Hailing from the Fashionable Upper Cambrian

Just in case you needed a strata of rock of a particular antediluvian vintage from which a hibernating monstrosity may spring or creature may be reconstituted, here’s a list of known fossil sites around Vermont and the geological eras in the history of Earth to which they belong.

[via Geek Mountain State]

Carnage in Wonderland Wrapping Up Submissions

Carnage in Wonderland‘s staff draw close to wrapping up game submissions in preparation for mailing the convention book all across New England.

Everywhere, GMs feverishly bring together scattered ideas for adventures to compose that pitch-perfect description, launching the plot hook right into the brain of the potential player, firing their imagination with promises of derring-do or dark dealings such that they have no recourse but to list it as their number one choice on their registration form.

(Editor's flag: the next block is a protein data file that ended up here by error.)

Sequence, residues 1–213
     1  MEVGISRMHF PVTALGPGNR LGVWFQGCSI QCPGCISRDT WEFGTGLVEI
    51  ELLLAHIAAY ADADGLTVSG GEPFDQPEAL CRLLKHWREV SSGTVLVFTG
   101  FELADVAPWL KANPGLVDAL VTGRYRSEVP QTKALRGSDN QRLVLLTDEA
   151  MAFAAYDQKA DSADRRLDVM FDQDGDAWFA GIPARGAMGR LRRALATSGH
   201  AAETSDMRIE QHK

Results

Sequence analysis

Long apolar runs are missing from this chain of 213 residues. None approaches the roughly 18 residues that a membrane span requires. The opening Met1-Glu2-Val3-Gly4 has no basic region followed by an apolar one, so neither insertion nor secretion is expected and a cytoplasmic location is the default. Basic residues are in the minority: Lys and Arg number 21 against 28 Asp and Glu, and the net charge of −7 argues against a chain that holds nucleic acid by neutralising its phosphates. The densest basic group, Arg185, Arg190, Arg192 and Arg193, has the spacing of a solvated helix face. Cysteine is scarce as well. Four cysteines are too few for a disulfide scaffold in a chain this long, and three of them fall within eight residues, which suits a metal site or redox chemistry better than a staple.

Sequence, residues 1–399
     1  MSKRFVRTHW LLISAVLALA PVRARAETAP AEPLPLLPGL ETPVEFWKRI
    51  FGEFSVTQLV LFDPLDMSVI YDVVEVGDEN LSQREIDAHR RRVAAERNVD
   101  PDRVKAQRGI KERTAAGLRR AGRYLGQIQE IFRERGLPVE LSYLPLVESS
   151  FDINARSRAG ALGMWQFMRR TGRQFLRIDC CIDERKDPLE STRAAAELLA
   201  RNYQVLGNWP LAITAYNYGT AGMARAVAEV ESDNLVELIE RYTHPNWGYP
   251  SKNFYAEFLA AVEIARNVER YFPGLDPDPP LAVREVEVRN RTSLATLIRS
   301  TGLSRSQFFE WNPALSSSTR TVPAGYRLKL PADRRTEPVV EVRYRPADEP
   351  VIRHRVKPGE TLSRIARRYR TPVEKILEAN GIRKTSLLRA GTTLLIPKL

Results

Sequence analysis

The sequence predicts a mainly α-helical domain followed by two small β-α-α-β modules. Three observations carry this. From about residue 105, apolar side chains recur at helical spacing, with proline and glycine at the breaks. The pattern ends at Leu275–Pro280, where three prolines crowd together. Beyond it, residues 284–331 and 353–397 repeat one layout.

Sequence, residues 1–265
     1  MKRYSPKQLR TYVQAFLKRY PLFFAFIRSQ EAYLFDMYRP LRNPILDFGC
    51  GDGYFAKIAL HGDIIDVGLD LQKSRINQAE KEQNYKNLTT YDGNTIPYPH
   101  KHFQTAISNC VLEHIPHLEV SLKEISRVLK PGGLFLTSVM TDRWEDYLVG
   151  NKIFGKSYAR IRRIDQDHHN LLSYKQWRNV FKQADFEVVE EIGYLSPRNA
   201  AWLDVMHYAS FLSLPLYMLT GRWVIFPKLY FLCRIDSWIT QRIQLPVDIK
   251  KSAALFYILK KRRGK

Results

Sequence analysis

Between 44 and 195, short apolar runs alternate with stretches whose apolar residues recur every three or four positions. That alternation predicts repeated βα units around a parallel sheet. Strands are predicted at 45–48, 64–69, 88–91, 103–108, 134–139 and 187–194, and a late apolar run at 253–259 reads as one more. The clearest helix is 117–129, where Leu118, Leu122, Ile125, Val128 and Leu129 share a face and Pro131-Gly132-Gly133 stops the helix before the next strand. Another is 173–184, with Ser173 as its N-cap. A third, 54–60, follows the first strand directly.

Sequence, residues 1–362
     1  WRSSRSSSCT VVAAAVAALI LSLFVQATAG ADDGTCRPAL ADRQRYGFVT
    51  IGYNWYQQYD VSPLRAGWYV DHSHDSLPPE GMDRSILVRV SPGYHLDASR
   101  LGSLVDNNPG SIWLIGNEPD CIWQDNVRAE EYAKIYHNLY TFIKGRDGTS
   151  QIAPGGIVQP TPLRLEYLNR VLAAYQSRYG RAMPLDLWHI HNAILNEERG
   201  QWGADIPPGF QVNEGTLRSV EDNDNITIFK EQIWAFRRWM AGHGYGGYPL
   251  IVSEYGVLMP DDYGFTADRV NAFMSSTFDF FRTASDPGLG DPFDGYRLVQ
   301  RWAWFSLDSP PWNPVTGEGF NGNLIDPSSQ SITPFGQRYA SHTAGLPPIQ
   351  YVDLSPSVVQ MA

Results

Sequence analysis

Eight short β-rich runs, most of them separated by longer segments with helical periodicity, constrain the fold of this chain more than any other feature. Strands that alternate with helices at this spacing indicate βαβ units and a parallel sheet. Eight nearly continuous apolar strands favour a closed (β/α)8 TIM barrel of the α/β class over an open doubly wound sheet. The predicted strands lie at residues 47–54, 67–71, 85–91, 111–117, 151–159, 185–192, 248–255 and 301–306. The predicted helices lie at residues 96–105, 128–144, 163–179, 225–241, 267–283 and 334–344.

I find myself in a similar boat. I have a general outline for my two role-playing adventures, but I don’t yet have the fine detail in place. I’ll bash out some snappy ad copy to catch the reading public’s attention, then work from there to make the reality meet the promise as much as possible.

Right now, all I want to say is that one will continue the saga of Ghostbusters International’s Boston much put-upon staff, who again find themselves sent forth to the Green Mountain State, and my second ever foray into the world of the Cabal — this time with a complete refit of the magic system, no less! I will probably toss in a board game for good measure, likely Frag as I do enjoy it and find it easy to teach.

Hey Nonny Nonny, it's the God Damned Bat Man

High concept crowd-sourced sketches are a specialty of RPG.net. This time, they hit on something special with the idea of mashing up together Batman and the Robin Hood tales.